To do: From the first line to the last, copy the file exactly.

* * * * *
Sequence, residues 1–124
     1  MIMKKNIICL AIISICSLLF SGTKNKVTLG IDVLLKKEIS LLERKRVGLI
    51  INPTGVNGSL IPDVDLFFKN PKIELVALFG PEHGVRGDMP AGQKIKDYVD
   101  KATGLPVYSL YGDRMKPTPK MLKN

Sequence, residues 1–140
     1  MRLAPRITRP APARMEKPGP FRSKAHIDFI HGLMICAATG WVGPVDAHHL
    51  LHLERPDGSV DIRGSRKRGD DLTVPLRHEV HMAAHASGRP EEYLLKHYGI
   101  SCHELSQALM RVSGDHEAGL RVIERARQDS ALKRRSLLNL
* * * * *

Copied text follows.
Sequence, residues 1–124
     1  MIMKKNIICL AIISICSLLF SGTKNKVTLG IDVLLKKEIS LLERKRVGLI
    51  INPTGVNGSL IPDVDLFFKN PKIELVALFG PEHGVRGDMP AGQKIKDYVD
   101  KATGLPVYSL YGDRMKPTPK MLKN

Sequence, residues 1–140
     1  MRLAPRITRP APARMEKPGP FRSKAHIDFI HGLMICAATG WVGPVDAHHL
    51  LHLERPDGSV DIRGSRKRGD DLTVPLRHEV HMAAHASGRP EEYLLKHYGI
   101  SCHELSQALM RVSGDHEAGL RVIERARQDS ALKRRSLLNL